Fax-Based Cyberattack Puts Organization’s Networks at Risk

Standalone fax machine, fax-to-mail service and all-in-one printer fax machine are cybersecurity threats to your organization’s internal network, this according to the recent disclosure made by security researchers at Check Point.

Millions of fax machines are still being used in offices worldwide. Healthcare organizations, law firms, banking and finance companies, in particular, still rely on fax machines in sending and receiving sensitive documents. Some organizations use fax machines in sending and receiving critical documents in compliance with government regulations, while others use it for legacy reasons.

According to Check Point researchers, they’ve discovered a security vulnerability in modern-day fax machines, including fax-to-mail services and all-in-one printer fax machines, which allows cyber attackers to hack these once considered secured machines through a process called “remote code execution”.

In remote code execution, cyber attackers can access your computer, make changes to this computer, regardless of where your computer is geographically located.

How the Cyberattack via Fax Machine Works

What the attackers need to attack your office fax machine, fax-to-mail service or the all-in-one printer fax machine and eventually your organization’s internal network is only your organization’s fax number – information that’s widely available over the internet and is most probably included in the business cards of the staff in your organization.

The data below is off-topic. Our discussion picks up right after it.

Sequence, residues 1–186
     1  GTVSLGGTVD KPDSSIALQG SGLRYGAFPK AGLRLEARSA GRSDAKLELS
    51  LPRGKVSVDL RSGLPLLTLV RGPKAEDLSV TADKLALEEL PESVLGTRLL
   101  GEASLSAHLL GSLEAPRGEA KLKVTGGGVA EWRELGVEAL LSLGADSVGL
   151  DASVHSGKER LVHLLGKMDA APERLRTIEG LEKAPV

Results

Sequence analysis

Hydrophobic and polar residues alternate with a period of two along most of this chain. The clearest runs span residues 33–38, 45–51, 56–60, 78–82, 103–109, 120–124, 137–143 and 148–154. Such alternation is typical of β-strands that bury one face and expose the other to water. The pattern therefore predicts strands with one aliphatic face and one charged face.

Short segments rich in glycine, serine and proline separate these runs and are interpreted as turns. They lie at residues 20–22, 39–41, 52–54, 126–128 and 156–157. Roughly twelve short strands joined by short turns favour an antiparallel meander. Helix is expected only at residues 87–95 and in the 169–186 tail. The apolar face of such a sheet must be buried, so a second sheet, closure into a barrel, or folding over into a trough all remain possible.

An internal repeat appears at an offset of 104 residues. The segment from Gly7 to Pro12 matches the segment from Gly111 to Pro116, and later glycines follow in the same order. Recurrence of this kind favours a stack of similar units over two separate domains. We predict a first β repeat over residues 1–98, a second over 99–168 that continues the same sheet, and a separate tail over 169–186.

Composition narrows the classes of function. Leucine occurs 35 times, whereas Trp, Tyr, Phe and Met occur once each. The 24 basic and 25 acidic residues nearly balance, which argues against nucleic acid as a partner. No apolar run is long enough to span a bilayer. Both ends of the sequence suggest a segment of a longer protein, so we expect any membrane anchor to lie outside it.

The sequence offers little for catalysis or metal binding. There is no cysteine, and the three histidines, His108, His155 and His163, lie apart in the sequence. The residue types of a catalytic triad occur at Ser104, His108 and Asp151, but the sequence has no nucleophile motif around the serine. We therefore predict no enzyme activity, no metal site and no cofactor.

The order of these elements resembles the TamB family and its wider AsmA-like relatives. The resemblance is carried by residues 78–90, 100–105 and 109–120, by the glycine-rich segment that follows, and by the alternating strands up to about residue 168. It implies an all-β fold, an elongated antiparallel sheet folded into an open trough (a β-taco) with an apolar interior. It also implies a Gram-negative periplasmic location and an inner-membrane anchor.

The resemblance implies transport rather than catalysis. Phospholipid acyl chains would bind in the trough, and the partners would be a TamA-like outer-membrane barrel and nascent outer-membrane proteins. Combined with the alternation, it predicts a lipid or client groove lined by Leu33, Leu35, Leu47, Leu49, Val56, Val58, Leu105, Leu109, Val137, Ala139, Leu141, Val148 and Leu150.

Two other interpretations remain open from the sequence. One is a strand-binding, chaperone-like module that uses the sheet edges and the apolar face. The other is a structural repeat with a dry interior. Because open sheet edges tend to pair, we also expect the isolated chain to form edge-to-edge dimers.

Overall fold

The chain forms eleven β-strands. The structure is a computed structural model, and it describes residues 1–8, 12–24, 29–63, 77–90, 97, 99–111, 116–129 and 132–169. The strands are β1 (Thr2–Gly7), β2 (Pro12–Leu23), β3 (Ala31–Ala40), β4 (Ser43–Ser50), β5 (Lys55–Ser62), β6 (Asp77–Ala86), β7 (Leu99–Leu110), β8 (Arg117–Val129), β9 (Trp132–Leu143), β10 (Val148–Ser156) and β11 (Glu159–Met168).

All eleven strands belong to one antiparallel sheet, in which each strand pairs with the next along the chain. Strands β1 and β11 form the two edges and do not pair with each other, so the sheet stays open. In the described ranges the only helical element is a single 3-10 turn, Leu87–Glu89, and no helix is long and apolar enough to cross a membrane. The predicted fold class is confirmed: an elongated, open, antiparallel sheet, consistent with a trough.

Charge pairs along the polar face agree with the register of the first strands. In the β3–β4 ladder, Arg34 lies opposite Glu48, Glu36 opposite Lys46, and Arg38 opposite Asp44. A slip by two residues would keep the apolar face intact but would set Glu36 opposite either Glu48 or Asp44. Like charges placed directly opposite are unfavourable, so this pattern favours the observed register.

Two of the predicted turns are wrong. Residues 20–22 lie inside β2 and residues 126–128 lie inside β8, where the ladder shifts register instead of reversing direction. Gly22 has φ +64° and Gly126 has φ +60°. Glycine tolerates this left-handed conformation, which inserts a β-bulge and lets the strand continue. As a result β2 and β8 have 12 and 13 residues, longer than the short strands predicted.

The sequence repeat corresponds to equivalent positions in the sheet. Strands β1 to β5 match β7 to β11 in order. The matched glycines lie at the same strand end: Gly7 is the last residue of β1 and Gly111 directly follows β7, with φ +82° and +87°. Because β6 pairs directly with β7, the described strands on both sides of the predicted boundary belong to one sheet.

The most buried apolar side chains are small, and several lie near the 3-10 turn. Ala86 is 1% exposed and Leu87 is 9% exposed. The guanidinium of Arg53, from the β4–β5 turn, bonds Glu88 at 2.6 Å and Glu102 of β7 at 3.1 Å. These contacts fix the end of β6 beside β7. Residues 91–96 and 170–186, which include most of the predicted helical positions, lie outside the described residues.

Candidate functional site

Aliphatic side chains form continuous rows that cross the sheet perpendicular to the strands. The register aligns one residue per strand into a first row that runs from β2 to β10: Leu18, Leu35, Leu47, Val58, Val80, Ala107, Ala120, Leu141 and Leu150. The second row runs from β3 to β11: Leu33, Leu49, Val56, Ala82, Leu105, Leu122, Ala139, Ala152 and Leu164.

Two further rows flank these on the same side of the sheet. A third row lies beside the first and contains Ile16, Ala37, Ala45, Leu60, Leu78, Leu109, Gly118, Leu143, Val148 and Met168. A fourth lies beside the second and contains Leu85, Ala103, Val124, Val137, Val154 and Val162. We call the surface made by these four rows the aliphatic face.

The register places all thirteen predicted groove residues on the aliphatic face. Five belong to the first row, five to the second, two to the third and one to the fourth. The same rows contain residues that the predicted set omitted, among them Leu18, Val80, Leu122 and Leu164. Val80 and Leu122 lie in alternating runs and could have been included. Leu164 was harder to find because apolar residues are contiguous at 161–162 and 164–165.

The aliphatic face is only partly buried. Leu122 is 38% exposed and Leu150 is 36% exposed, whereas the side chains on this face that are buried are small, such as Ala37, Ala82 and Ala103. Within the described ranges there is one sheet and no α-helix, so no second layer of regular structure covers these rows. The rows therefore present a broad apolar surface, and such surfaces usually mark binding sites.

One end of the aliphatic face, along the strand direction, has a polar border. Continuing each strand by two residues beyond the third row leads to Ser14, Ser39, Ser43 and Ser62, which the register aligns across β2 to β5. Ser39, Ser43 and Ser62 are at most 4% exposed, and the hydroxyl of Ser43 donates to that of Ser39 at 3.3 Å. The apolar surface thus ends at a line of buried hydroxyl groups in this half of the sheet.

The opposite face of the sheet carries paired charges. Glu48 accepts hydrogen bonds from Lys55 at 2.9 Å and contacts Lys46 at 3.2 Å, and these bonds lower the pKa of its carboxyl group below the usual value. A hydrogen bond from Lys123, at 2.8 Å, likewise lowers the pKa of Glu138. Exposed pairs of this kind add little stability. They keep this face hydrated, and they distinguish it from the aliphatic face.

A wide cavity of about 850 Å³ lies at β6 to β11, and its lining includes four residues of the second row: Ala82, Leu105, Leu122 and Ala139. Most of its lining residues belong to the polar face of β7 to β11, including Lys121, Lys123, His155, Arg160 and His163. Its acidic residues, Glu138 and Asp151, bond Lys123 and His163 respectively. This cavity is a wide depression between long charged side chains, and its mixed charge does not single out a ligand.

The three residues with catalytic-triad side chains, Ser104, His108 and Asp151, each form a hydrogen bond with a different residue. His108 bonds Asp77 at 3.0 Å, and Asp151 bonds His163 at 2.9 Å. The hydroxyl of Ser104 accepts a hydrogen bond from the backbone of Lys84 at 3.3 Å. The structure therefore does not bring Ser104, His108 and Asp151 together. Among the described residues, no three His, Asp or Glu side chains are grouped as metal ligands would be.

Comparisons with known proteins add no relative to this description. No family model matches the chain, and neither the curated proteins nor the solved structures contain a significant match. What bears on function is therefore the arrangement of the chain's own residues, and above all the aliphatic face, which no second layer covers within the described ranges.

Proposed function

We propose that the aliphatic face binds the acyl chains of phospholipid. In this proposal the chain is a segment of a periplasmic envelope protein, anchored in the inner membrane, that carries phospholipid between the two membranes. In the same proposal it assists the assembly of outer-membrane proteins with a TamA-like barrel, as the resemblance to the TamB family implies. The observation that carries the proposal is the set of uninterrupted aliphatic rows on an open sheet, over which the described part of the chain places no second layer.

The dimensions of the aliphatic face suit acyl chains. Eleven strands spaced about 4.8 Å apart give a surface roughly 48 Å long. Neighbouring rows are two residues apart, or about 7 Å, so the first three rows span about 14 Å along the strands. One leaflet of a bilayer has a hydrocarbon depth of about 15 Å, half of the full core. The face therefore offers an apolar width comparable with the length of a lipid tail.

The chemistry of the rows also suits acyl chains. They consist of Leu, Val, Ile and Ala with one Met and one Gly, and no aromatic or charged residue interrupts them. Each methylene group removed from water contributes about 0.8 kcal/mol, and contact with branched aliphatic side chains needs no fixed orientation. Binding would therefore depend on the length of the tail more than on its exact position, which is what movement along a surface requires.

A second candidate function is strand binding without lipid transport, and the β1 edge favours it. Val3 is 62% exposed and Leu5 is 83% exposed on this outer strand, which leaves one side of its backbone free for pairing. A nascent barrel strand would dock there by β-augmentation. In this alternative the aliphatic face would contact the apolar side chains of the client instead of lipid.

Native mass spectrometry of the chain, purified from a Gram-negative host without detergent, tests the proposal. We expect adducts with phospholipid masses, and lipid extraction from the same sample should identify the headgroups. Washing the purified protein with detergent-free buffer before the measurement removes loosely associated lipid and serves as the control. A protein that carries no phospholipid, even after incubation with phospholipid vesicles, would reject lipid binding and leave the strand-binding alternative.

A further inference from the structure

Check Point researchers call this newly discovered cyberattack via fax machine “Faxploit”, short for fax and exploit. In Faxploit, using only the target’s fax number, the attackers send a malicious fax to the target’s all-in-one printer fax machine. Once this malicious fax is sent, the attackers can then take full control of the machine and can infiltrate the target’s internal IT network.

As a proof-of-concept, Check Point researchers sent a malicious fax that they’ve created to an HP Officejet all-in-one printer fax machine. Once the researchers took control of the all-in-one printer fax machine, the researchers then used the spying tools Eternal Blue and Double Pulsar.

Eternal Blue and Double Pulsar are part of the trove of spying tools believed to be created by the US National Security Agency (NSA) and leaked to the public by the group known as “Shadow Brokers” more than a year ago.

The infamous WannaCry attack which locked out over 300,000 computers in 150 countries in just one day on May 12, 2017 used the Eternal Blue. Double Pulsar was also used alongside Eternal Blue during the May 12, 2017 WannaCry attack.

Eternal Blue takes advantage of the security vulnerability of Microsoft’s Server Message Block (SMB) protocol – a protocol that allows computers using Windows operating systems to communicate with each other and with other devices, including the all-in-one printer fax machine. DoublePulsar, on the other hand, is a spy tool that allows attackers to drop additional malicious software (malware) on the infected computer.